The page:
The President Rings Twice, and the Patriots Answer

DATELINE:  Ring-a-Ding Trump

off off-season   Mr. Kraft to you bradys-friend

Having eschewed humorous sports reports on Boston travesties lately, we are forced into a return to the topic one more time.

For this, you can thank Robert Kraft, owner of the New England Patriots and close friend of President Donald Trump.

In April, one of the first big sports events of the Trump era was the visit of the Super Bowl champs of 2017 to the White House. This fiasco was decorated with many missing members of the team who protested the new President. One can only wonder how many of the black players might find their lives hardly mattering after the incidents of KKK and neo-Nazis in Charlottesville or Charlotte’s Web.

They might feel some blame for the violence, making their livings through one of the most concussed and violent games around.

However, we beat a dead horse when today’s news is not fake enough for the alt-right. Yes, Robert Kraft has bestowed one of his $36,000 diamond-studded Super Bowl rings on Mr. Trump.

Usually the President receives a jersey with Tom Brady’s partial number, 1, on it, if it is recovered from international thieves.

However, this year, the man who often breaks bread with Trump and flies on Air Force One often, decided to break precedent and give the President one of those prized rings.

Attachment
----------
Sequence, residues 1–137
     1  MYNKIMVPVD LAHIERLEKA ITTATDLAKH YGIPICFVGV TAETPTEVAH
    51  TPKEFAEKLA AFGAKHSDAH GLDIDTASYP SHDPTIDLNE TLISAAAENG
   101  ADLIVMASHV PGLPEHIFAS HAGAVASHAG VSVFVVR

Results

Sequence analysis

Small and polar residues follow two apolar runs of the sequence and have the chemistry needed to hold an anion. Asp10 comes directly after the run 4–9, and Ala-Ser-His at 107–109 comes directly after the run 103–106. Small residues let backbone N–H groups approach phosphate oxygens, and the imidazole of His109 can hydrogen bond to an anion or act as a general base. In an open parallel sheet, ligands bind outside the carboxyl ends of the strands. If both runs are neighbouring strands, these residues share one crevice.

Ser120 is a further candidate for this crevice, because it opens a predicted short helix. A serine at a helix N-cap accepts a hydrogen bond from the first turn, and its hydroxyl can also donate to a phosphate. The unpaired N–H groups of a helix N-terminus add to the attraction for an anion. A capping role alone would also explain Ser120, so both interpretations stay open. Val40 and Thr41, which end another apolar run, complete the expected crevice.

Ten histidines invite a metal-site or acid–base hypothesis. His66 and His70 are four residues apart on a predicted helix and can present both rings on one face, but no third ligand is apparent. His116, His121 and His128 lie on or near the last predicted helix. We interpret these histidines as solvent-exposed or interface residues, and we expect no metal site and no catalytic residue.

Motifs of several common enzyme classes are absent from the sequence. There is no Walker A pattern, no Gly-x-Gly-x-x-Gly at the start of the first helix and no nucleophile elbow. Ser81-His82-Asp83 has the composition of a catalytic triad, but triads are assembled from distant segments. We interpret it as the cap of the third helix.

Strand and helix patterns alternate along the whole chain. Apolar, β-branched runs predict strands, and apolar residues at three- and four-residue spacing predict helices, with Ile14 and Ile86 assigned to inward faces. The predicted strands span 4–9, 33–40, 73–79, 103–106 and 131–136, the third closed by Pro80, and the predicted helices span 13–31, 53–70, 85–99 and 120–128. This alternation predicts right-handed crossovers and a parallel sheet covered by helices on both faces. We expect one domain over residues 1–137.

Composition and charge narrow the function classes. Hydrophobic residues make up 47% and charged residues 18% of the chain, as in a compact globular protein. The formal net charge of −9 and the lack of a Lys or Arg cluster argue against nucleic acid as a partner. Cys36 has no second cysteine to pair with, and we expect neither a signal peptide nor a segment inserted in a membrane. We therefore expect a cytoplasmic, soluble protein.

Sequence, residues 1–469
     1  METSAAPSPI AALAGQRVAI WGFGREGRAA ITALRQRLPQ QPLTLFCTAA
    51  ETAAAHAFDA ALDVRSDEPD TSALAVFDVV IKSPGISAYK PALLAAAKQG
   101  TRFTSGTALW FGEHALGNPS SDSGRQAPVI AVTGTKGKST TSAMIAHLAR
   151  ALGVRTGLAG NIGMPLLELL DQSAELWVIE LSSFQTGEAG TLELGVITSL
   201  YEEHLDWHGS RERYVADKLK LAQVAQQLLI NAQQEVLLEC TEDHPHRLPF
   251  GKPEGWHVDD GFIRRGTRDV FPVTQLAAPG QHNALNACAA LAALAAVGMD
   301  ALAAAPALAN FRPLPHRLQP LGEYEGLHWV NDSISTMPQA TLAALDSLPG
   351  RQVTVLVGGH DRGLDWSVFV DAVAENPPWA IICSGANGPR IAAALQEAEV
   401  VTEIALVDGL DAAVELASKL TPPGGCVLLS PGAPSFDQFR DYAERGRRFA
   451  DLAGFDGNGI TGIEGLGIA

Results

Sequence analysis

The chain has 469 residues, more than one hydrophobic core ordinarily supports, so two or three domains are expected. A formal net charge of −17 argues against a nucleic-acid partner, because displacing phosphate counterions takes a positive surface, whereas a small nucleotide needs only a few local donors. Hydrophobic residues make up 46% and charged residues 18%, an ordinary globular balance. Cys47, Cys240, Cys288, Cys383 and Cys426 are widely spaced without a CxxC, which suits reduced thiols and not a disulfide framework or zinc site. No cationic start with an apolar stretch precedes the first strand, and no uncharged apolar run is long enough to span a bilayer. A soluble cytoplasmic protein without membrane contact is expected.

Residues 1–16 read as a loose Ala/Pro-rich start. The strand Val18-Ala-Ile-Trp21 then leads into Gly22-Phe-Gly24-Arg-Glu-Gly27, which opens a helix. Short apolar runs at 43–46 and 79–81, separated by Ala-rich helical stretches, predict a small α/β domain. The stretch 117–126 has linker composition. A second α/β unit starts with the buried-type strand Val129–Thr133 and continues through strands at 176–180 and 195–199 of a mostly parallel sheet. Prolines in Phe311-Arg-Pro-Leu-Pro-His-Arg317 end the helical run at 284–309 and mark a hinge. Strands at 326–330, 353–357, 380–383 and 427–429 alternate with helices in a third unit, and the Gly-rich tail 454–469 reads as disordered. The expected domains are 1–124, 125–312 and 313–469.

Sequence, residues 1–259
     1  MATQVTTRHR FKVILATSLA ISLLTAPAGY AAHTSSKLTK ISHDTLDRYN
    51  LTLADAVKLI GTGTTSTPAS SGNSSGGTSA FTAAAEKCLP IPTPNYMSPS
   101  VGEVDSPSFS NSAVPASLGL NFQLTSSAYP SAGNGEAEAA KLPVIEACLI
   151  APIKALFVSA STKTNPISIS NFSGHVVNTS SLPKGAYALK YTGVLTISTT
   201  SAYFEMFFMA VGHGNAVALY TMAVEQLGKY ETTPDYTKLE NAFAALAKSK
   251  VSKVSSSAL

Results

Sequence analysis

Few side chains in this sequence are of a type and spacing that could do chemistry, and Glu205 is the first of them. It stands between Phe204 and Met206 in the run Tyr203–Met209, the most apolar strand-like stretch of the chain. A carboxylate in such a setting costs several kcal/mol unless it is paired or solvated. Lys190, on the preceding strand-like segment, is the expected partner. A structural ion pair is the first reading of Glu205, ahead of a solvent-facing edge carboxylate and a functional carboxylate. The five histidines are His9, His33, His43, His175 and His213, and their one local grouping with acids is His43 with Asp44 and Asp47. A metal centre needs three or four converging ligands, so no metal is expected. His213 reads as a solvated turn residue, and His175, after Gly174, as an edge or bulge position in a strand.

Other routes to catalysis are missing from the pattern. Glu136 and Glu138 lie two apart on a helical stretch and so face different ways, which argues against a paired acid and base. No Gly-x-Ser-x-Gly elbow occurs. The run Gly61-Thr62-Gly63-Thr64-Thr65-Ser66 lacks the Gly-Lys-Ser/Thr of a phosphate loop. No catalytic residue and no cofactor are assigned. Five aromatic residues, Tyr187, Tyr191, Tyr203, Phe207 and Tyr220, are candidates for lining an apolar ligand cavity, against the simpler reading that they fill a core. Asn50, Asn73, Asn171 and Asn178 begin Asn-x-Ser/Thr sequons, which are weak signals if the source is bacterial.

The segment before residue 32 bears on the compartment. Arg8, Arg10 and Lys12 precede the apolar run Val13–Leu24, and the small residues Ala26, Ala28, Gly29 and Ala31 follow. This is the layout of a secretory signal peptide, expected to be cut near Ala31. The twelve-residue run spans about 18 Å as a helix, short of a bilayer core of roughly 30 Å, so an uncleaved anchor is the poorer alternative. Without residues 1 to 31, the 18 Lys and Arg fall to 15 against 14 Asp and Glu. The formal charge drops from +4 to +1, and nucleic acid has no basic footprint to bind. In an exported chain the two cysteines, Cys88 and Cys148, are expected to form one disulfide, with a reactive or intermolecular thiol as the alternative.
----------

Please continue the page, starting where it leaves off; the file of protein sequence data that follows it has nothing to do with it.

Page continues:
Reportedly, Kraft wanted Trump to have something to put into his presidential library when his term is up, sooner than later, with not much to show for it so far.

Kraft also gave a ring to Tom Brady’s mother for her valiant battle against cancer, which felled Kraft’s wife several years ago. It was Trump’s condolences back then that sealed his friendship with the billionaire NFL owner.

 

 The White House is not talking about when the ring was made or bestowed. And, the Patriots have only made a sly announcement this week in the midst of the pre-season after a tumultuous off off-season.

You can read all about it in Ossurworld’s notorious book, The Patriots Most Off Off-Season Ever, perhaps the last in the Patriots series of hilarious, if not nasty, accounts of their dynastic years.